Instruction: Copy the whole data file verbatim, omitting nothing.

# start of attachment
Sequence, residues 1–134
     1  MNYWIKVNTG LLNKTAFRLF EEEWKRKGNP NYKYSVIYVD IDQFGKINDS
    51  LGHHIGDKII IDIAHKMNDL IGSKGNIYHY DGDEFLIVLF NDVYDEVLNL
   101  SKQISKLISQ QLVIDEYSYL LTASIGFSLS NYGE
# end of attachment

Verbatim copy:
Sequence, residues 1–134
     1  MNYWIKVNTG LLNKTAFRLF EEEWKRKGNP NYKYSVIYVD IDQFGKINDS
    51  LGHHIGDKII IDIAHKMNDL IGSKGNIYHY DGDEFLIVLF NDVYDEVLNL
   101  SKQISKLISQ QLVIDEYSYL LTASIGFSLS NYGE